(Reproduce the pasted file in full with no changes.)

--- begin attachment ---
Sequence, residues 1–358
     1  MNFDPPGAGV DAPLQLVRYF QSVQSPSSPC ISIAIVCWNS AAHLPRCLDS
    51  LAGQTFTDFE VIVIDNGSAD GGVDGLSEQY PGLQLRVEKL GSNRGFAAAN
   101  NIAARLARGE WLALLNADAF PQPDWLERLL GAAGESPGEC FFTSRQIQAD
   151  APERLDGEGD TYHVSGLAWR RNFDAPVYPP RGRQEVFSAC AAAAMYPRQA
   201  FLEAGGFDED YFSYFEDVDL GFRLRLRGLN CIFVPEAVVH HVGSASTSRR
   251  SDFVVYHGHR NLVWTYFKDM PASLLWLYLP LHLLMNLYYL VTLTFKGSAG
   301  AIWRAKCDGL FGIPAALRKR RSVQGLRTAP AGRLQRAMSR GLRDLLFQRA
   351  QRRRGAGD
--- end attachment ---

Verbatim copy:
Sequence, residues 1–358
     1  MNFDPPGAGV DAPLQLVRYF QSVQSPSSPC ISIAIVCWNS AAHLPRCLDS
    51  LAGQTFTDFE VIVIDNGSAD GGVDGLSEQY PGLQLRVEKL GSNRGFAAAN
   101  NIAARLARGE WLALLNADAF PQPDWLERLL GAAGESPGEC FFTSRQIQAD
   151  APERLDGEGD TYHVSGLAWR RNFDAPVYPP RGRQEVFSAC AAAAMYPRQA
   201  FLEAGGFDED YFSYFEDVDL GFRLRLRGLN CIFVPEAVVH HVGSASTSRR
   251  SDFVVYHGHR NLVWTYFKDM PASLLWLYLP LHLLMNLYYL VTLTFKGSAG
   301  AIWRAKCDGL FGIPAALRKR RSVQGLRTAP AGRLQRAMSR GLRDLLFQRA
   351  QRRRGAGD